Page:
The relationship between shippers and carriers has been completely flipped. Before shippers were in control and carriers had to take what they could get, but now shippers are having to try to make their freight attractive to carriers. The growing U.S. economy and truck driver shortage has helped turn freight into a seller’s market--and shippers need to change how they think about how they can get the best carriers to choose them.
Carriers are having to adapt to their new reality, and shippers need to adapt along with them. Carriers are having a hard time, and the challenges they’re facing have helped cause the flip to a seller’s market.
So, how do you create certainty in this crazy, uncertain freight market?
These annual pricing exercises are out of step with today’s freight market--because they don’t actually save you any money.
Instead, invest in long-term relationships with a select group of carriers. By “speed dating” you’re missing out on: network efficiency, better service, and better rates.
Regional carriers are better than national trucking companies at getting and keeping drivers because they offer steady day runs that let drivers get home every night.
Get to know the top regional carriers in your distribution markets and talk with them about how to work together for mutual benefits.
If your receiving or loading docks at your distribution centers keep drivers waiting for hours, carriers are less likely to work with you. Here are a few strategies to help you tackle this big problem:
This comes back to the original question of how to make your freight as attractive as possible to the right carriers. Start stretching because in many cases, it all comes down to flexibility:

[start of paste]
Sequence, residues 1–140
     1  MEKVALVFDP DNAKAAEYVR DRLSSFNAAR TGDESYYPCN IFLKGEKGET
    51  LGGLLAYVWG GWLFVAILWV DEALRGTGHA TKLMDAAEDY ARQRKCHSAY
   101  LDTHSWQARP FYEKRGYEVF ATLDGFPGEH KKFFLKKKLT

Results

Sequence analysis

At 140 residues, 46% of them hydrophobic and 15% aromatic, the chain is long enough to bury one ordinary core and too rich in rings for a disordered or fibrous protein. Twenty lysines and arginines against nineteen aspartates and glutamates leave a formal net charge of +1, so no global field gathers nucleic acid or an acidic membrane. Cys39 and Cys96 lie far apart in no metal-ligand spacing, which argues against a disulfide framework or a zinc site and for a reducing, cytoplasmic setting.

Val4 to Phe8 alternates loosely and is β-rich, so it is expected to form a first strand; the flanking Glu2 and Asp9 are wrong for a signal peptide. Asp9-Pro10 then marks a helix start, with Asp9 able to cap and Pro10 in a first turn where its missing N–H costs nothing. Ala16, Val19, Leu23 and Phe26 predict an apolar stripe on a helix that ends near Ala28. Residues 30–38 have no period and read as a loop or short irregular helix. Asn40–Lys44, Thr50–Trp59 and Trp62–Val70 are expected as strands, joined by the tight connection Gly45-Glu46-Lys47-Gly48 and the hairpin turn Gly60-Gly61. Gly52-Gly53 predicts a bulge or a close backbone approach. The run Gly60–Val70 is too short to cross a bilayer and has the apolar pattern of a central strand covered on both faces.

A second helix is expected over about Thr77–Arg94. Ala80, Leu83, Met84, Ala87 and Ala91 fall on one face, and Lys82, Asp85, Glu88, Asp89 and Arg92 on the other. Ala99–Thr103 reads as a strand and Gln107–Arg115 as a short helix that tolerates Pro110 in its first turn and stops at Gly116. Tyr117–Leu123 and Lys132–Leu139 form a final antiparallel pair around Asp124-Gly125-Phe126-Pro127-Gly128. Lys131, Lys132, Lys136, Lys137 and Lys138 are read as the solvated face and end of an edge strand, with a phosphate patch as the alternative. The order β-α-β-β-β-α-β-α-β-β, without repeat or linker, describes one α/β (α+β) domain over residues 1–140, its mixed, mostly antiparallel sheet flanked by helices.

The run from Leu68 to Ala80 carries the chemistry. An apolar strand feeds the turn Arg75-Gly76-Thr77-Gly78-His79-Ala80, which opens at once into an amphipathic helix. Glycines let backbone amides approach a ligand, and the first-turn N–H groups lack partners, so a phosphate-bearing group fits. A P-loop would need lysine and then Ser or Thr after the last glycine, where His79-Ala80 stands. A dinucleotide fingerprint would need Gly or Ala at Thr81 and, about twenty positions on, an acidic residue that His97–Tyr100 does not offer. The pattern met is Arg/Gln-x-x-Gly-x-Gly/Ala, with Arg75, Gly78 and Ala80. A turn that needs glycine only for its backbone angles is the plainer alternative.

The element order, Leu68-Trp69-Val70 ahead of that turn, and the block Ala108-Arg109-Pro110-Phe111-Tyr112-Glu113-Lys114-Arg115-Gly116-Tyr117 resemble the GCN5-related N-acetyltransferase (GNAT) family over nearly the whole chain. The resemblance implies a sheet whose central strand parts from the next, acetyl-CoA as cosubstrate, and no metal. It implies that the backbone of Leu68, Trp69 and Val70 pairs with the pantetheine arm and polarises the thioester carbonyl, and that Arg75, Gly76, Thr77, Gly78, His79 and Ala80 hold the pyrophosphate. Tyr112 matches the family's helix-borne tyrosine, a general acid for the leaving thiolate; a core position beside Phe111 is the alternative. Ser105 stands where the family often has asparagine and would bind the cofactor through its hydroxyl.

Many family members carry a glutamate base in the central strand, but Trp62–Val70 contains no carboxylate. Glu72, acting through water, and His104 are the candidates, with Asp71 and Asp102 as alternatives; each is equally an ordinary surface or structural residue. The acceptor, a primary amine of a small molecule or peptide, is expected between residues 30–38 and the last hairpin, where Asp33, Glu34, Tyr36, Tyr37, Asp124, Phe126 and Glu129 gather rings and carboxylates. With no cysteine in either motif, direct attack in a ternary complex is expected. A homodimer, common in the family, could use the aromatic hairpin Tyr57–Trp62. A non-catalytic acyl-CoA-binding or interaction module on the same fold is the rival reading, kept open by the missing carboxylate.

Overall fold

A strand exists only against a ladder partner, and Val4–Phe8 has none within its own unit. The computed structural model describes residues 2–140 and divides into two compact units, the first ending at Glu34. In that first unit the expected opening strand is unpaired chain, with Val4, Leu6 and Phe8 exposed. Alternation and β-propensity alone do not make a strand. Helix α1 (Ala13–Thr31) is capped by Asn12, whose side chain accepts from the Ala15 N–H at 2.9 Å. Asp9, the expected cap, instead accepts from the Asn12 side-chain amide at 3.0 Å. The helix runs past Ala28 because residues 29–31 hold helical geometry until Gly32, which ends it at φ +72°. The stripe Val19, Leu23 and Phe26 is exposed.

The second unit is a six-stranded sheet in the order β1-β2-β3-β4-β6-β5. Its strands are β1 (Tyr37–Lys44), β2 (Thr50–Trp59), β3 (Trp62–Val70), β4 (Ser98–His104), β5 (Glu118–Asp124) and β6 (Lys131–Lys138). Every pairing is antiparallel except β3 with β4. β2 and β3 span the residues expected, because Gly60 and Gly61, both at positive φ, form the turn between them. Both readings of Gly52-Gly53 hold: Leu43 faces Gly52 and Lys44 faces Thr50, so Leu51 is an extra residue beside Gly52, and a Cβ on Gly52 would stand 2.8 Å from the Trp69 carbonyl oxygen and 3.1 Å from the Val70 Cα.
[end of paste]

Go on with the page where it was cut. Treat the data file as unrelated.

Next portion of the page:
Bend over backward to help your carrier maximize their efficiency, and they will want to keep working with you and handling your loads.
A top transportation challenge for shippers is the necessity of shipping in higher costs LTL shipments because of lower volumes. One way to fix this is to combine loads with other suppliers that ship to the same retail distribution centers.
Just like mass transit and buses solve the problem of moving lots of people to the same places, working with other shippers to consolidate loads will save on costs and reduce carbon emissions for moving products.
Move this right on up to the top of your list of carrier requirements. Carriers will often not be able to move loads because they lack drivers--the industry average driver turnover rate for large and small fleets is around 87%: basically a revolving door.
But you want to look for carrier partners whose turnover is below this average because happy, reliable drivers are more productive, make less mistakes, are more on-time, and represent you well with your customers.
Despite what many think, dedicated freight contracts can drive superior savings over spot market freight. In this current market, shippers do better to deemphasize spot market sourcing and focus more on developing relationships with their chosen carriers. The bottom line: offer dependable freight rather than one-off spot market freight and you’ll become a shipper that carriers want to work and build a relationship with. In this tight capacity market, building collaborative relationships with carriers go a long way.
Scrap Your Old Habits--and Win
Freight sourcing’s shift from a buyer’s to a seller’s market demands that shippers take a long hard look at their freight sourcing and freight negotiation strategies and make some fundamental changes. Companies will put themselves at risk if they don’t reckon with this level of change. To win, you need to act decisively to create collaborative carrier relationships and make themselves the “shippers of choice” in this competitive seller’s market.